Brush Hill Nature Reserve The Chiltern Society

A sonic hedge hogger

The blackcap, a type of warbler, enjoys the secrecy provided by larger scrub while hunting for insects at Prestwood Local Nature Reserve. Often favouring dense bramble, the melodic summer song of the male (pictured) has earned it the nickname ‘northern nightingale’.

The female is distinguishable from the male by having a reddish-brown cap. Listen too for their sharp ‘tack’ alarm call. Primarily a summer visitor from Africa, more blackcaps than ever are choosing to overwinter in southern parts of the UK.

What’s in a name?

Amongst the scrub, the spindle tree is inconspicuous for most of the year, but in the autumn its dark red leaves and pink, four-lobed fruits make it much more noticeable. Its dense wood was once used to make the spindles for hand-spinning wool (left), which is how it got its name.


Wildlife

The wide variety of habitats at Prestwood Local Nature reserve is designed to support the maximum possible biodiversity at the site.

Chalk grassland, scrub and deciduous woodland all combine to provide not only a glorious space for people to enjoy, but a perfect place for a wide variety of animal and plant species to prosper.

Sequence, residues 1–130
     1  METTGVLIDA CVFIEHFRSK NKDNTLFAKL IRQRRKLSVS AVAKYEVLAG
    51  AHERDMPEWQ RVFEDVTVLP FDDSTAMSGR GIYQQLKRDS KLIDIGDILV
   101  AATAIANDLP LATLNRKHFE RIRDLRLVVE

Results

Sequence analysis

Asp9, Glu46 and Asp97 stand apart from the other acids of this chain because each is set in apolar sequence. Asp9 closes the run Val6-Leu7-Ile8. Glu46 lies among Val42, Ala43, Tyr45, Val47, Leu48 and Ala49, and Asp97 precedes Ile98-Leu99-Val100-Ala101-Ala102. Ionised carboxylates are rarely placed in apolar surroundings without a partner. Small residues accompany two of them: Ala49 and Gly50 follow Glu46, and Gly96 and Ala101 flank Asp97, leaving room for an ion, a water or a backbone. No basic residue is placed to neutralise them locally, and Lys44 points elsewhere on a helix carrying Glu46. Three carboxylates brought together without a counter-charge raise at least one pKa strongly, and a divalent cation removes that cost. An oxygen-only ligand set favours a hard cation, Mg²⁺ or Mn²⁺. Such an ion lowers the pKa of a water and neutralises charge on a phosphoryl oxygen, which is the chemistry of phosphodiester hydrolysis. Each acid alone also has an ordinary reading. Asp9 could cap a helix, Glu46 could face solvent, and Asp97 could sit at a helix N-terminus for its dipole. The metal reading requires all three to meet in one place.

The complete list

A list (PDF) of species, which may be seen at the Reserve, can be accessed here. Left click to view it in your browser. Right click to download it.

Outstanding displays

From April to the end of August you will be greeted by a stunning array of wild flowers including cowslips (below), field scabious, clustered bellflower and the county plant, Chiltern gentian. Three types of orchid can also be seen.

Wayfairing tree

Wayfaring tree (above), guelder rose and dogwood also thrive on the thin chalk soils at Prestwood Local Nature reserve and are an important part of the habitat, providing nesting sites for birds and cover for other animals. The leaves and flowers are an important food source for many invertebrates including moths, butterflies and bees.

When scrub is cleared, piles of deadwood are stacked along the margins as a habitat for those animals and plants which rely on dead and rotting wood for all or part of their lifecycle –  such as beetles, flies and fungi.